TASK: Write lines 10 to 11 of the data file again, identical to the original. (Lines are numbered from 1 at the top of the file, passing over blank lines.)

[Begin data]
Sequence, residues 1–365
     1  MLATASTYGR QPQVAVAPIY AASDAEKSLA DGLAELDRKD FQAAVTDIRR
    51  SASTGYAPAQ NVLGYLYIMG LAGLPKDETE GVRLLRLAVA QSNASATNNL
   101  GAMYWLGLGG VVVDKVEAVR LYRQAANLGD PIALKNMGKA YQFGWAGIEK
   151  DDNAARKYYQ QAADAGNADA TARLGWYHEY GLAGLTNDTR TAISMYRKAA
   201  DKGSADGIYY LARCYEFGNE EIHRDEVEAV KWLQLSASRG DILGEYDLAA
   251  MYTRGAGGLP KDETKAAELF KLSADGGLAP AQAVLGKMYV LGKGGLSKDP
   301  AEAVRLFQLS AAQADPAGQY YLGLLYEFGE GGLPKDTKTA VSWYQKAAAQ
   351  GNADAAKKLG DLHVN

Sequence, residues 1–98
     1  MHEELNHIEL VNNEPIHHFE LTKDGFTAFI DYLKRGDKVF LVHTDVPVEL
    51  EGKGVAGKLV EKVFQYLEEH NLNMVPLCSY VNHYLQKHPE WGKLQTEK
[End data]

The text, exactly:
Sequence, residues 1–98
     1  MHEELNHIEL VNNEPIHHFE LTKDGFTAFI DYLKRGDKVF LVHTDVPVEL